That Frugal Thing You Do

Questions on how we spend our money and our time - consumer goods and services, home and vehicle, leisure and recreational activities

Re: That Frugal Thing You Do

Postby Bongleur » Mon Jan 21, 2013 8:24 am

>I sow my socks when they have holes instead of buying new ones

If you sow a black one next to a white one, does it grow :oops: argyle?
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Re: That Frugal Thing You Do

Postby red5 » Mon Jan 21, 2013 8:33 am

- Use a reel mower and mow myself

- Use rabbit ears (no cable), use trac phone (no landline or smart phone).

- If people aren't wearing sweaters then it is to warm in the house. Seriously, I set the downstairs to 55 to 58 most days and the upstairs to 63 or 64. Warm air rises so I prefer to spend time up there.

- I don't turn the shower all the way up (water pressure), thus there is less water coming out. I think I save water this way and I dont have to turn it as much to the hot side in order to have hot water.

- Vinegar and baking soda are marvelous cleaning agents

- My growing family only knows what a small two door car is like (10 years old). When it goes then we'll get a used 4 door.

- I use cash rewards credit card for everything and pay it off in full.

- A costco membership cost me 55 bucks a year. We go through 3 gallons of milk a week, which saves us at least $1.50 compared to walmart. This alone more than pays for the membership over the course of a year. Add in all the other savings and we save a lot of money. We are very careful only to buy what we need.

- Speaking of Costco, I keep a running excel sheet comparing food prices with Walmart. Since they are close to each other we shop both stores and buy what is cheaper within each store.

- As a note, we bought 10 or 12 boxes of Life when it was on a ridiculous sale. Haven't bought cereal in 3 months.

- Use only cold water in washing machine. Only dry clothes outside.

- Reuse sons sandwhich baggies from school lunch. Either they get cleaned or they get used to pick up dog poo on walks (those ones don't reused!).

- Brownbag all lunches to work. Son brings lunch to school.

- Very rarely buy books. Utilize used book sales (and that is even iffy), mostly use library.

- Try to take our own family portrait instead of hiring professional (which has to be approved by wife :? )

- Wife cuts hair for kids and I.

- Received like 18 free CFL's from power company.

- The road and living room is my gym

- Netflix instead of movie theatre

- When visiting family we make the 18 hour drive in one day rather than 2 days so we save cost of hotel (of course we'd never compromise safety)

- Don't pay more than .28 for an investment. Average is .13.

- Don't use the heat dry setting on dish washer. Instead, open the door and let the dishes sit over night.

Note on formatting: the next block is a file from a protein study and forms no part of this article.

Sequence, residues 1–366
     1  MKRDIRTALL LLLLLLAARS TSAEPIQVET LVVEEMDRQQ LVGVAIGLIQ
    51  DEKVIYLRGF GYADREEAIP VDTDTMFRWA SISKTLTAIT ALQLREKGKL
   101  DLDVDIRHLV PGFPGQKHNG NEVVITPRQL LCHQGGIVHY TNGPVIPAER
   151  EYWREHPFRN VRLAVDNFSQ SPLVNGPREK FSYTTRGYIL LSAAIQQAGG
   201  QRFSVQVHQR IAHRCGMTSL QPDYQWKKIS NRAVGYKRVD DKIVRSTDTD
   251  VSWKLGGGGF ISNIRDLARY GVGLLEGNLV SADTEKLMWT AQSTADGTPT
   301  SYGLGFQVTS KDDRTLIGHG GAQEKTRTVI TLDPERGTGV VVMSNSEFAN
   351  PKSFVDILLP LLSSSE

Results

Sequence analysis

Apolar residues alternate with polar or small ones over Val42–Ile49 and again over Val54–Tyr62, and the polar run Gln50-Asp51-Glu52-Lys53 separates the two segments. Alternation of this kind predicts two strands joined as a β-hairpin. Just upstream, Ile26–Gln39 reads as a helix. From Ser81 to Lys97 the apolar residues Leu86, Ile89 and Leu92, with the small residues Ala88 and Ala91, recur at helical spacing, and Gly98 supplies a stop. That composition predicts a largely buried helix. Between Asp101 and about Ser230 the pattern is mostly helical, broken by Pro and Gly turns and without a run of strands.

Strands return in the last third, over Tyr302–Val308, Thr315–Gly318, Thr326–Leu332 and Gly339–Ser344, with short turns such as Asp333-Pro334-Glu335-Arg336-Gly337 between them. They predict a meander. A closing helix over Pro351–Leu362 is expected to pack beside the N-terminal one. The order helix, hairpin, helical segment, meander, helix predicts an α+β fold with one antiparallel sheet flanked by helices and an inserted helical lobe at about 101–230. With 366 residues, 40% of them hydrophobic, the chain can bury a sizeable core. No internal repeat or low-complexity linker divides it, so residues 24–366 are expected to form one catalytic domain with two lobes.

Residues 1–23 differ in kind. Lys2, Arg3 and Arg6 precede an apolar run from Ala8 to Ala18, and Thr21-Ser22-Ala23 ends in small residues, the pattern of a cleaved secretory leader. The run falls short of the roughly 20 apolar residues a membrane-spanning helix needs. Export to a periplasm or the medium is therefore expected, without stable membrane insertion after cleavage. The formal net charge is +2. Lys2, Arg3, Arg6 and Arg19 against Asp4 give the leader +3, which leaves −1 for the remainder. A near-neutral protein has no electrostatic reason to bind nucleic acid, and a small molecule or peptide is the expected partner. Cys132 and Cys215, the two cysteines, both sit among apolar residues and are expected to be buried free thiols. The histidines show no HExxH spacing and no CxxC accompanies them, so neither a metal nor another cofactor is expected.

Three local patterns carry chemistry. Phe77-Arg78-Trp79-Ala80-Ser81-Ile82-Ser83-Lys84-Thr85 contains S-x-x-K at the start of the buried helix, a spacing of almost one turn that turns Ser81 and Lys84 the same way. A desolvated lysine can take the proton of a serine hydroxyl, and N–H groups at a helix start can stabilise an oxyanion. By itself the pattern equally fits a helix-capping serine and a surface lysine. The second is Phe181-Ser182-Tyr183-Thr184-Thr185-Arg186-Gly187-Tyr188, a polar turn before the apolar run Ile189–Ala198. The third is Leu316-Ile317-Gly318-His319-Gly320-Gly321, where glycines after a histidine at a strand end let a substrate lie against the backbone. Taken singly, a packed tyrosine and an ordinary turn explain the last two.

- Turn off oven 5 minutes or so before item is finished.

- Never ever buy bottled water.

- Try to only buy used furniture (except couches, mattresses, etc). Sandpaper and stain will do wonders.

- I do spend money, just carefully. I'll take the kids to the local minor league ball game instead of an MLB game. We go to the smaller local zoo instead of the big state zoo.

I'm sure I could put a few more down but I can't think of any more at the moment. I am in part frugal because I want to be and in part because I have to be. I try to focus on experiences rather than materials which I feel benefits the kids much more. I try not to be cheap either (I'll turn up the heat if we have company, for example), but my wife does think I go overboard :happy .
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Re: That Frugal Thing You Do

Postby VictoriaF » Mon Jan 21, 2013 8:43 am

Bongleur wrote:>I sow my socks when they have holes instead of buying new ones

If you sow a black one next to a white one, does it grow :oops: argyle?


If you sow socks next to wild oats you can then wear them in bed.

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Re: That Frugal Thing You Do

Postby Fallible » Mon Jan 21, 2013 4:55 pm

VictoriaF wrote:
Bongleur wrote:>I sow my socks when they have holes instead of buying new ones

If you sow a black one next to a white one, does it grow :oops: argyle?


If you sow socks next to wild oats you can then wear them in bed.

Victoria


Y'all should win an award for these one liners - but an award of what? (I probably shouldn't ask...) :D
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Re: That Frugal Thing You Do

Postby VictoriaF » Mon Jan 21, 2013 7:06 pm

Fallible wrote:
VictoriaF wrote:
Bongleur wrote:>I sow my socks when they have holes instead of buying new ones

If you sow a black one next to a white one, does it grow :oops: argyle?


If you sow socks next to wild oats you can then wear them in bed.

Victoria


Y'all should win an award for these one liners - but an award of what? (I probably shouldn't ask...) :D


An award of socks with holes, of course ;-).

Victoria
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Re: That Frugal Thing You Do

Postby lightheir » Mon Jan 21, 2013 8:01 pm

red5 wrote:- Use a reel mower and mow myself

- Use rabbit ears (no cable), use trac phone (no landline or smart phone).